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Ocean Currents

Talk to the Water

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© Elsa Hahne

by Sarah Quintana, sarahquintana.com

Sarah Quintana is a New Orleans musician who lent her voice and music to our newest video. Inspired by the forces that shape the Gulf Coast, Sarah explores the themes of rivers and water in her latest album, “Miss River.” Using an underwater microphone typically used to record dolphin and whale sounds, she incorporates the sound of the Mississippi River and other water bodies into her music.

On any pretty day in spring, Gulf Coast folks are quick to say, “Let’s head for the shore and enjoy the big, beautiful Gulf of Mexico! Canoe along the shore, catch some fish and soak up the culture that is our Southern home.”

But now it’s October. We’re smack in the middle of hurricane season and two months ago Louisiana flooded so bad it was deemed the worst national disaster since Hurricane Sandy.

It’s difficult. The Gulf of Mexico and Mississippi River are both my best friends, but also bullies.

Growing up in New Orleans, I’ve been flooded more than once. Climate change is driving our rivers and lakes to flood larger and larger areas. The map of Louisiana looks very different now than when I was in high school. It’s gone from something like a chunky space boot to a worn and torn sneaker.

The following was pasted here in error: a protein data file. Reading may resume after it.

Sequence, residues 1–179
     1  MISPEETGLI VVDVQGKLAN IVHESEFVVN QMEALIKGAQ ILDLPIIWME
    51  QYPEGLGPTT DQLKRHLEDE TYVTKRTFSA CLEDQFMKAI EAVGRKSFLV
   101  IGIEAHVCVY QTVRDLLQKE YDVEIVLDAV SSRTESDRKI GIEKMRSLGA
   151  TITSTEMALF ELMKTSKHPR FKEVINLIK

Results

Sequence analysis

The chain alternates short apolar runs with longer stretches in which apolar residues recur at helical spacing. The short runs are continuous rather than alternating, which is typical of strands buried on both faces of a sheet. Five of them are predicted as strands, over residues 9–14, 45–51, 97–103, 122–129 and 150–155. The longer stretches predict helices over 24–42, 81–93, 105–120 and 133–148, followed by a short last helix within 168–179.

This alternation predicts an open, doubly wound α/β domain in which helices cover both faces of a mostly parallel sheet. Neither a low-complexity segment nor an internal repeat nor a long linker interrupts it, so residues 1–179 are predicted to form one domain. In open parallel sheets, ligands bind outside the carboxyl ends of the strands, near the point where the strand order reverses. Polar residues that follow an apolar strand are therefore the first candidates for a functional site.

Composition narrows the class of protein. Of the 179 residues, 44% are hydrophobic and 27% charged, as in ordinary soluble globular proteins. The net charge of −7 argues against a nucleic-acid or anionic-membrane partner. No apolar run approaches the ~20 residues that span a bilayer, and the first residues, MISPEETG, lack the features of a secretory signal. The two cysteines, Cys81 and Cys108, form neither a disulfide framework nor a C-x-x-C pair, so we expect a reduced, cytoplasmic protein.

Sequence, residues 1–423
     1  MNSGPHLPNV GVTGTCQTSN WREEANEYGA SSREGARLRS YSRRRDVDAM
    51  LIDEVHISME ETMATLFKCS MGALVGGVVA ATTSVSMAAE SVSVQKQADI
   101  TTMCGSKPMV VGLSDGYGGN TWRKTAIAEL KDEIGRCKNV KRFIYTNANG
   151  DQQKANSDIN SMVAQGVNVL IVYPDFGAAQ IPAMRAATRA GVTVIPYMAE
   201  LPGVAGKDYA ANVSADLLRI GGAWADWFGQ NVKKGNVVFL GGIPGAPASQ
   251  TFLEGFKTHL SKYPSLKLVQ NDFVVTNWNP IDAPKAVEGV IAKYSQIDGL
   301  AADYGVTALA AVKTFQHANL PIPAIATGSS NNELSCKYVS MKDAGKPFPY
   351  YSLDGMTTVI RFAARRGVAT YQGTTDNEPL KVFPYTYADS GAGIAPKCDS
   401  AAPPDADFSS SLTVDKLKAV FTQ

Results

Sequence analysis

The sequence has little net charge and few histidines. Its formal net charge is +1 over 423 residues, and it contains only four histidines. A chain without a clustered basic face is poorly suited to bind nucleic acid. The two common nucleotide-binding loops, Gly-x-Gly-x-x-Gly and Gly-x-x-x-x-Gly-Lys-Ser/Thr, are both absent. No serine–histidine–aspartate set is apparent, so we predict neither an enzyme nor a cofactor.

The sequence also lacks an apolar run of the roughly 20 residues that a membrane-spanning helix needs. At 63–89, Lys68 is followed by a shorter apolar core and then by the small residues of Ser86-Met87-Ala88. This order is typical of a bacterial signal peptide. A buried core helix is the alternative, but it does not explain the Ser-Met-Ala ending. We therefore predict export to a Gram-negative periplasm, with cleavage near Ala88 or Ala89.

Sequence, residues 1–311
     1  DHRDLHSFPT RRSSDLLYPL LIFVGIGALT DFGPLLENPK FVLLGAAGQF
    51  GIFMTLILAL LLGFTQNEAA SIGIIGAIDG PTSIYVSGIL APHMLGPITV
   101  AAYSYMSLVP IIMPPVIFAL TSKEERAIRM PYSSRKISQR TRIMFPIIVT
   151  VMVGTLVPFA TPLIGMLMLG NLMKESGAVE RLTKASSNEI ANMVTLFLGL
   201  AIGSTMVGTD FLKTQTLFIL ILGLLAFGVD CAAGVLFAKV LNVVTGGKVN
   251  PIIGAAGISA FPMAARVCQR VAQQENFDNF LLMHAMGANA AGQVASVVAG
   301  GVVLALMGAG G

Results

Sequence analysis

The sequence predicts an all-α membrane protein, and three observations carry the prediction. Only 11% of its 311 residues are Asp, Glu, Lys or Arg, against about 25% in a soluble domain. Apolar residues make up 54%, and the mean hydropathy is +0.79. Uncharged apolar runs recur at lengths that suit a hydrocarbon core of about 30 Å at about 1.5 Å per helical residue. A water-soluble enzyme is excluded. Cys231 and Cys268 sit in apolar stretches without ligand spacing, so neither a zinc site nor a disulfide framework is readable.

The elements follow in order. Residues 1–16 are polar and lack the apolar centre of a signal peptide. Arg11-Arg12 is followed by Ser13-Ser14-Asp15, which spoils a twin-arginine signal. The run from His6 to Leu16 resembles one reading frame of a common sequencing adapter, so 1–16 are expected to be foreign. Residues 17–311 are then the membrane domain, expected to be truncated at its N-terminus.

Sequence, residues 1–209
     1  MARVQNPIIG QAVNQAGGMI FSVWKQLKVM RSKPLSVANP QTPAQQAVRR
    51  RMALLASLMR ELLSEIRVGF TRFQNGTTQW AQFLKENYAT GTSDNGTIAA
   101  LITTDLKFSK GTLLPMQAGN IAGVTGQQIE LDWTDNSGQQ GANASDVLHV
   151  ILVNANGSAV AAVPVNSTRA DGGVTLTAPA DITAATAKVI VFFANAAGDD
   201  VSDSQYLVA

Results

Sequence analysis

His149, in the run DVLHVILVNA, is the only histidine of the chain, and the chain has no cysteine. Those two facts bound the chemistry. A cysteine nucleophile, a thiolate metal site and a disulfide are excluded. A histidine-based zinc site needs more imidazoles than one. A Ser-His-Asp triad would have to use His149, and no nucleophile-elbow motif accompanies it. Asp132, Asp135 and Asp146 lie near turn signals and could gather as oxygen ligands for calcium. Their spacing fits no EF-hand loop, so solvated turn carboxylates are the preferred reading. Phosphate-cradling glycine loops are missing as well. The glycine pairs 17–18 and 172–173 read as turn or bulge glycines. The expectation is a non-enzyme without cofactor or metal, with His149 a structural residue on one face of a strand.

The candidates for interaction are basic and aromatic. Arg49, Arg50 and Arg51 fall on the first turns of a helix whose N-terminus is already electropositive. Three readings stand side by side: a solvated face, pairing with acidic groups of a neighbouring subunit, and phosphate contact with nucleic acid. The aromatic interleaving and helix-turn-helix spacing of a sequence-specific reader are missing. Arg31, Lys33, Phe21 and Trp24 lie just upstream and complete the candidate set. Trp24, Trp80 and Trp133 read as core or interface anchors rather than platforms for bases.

Add to this the effects of the BP Deepwater Horizon disaster, which we’re still living with, and you can see people are struggling here.

To be honest, I’ve become afraid of water. I have panic attacks when it rains; and I’m not alone in this. Living on the Gulf, we’ve seen water do terrible things: destroy homes, drown people and pets and separate loved ones.

In the wake of the latest hurricanes, I started searching for meaning. I decided to go to the source and ask the water itself for answers. I went to the banks of the Mississippi River and cast a microphone into the water and put on headphones to take a closer listen. I asked: how can the same water that has such adverse effects on me—terror—also be a messenger of joy?

As I listened to the deep tones of the river, I heard the truth. The Mississippi River boomed and droned. It spoke of its muscle in moving water, glaciers, sediment, people, history, flowing, always flowing from the headwaters in Minnesota to the Gulf of Mexico. The river spoke of the twin forces in our lives: life and death. I realized that nature gives us all, yet also takes away. When I heard a chorus of fish at sunset on Lake Martin I finally got the answers I was looking for. Life is change, but love holds us together so we can endure.

I pulled the microphone out and wrote down these answers the way I do, as music. My band and I recorded an album, “Miss River,” to share our stories about love and loss in Louisiana, cycles of life and death and the importance of protecting our land and each other. These answers I carry close to my heart, but one response rings most clear.

Hope . . .

For me, this hope is replacing fear. I see now the mighty Mississippi and the surrounding waters flooded my heart and my home to become the medium of my music. Thus, although we live in a place that is literally sinking, I have great hope for our future together. I stand with my community and sing for the precious Gulf Coast, re-imagining a happy ending of our own in 2045, hoping we will see the coast revived.

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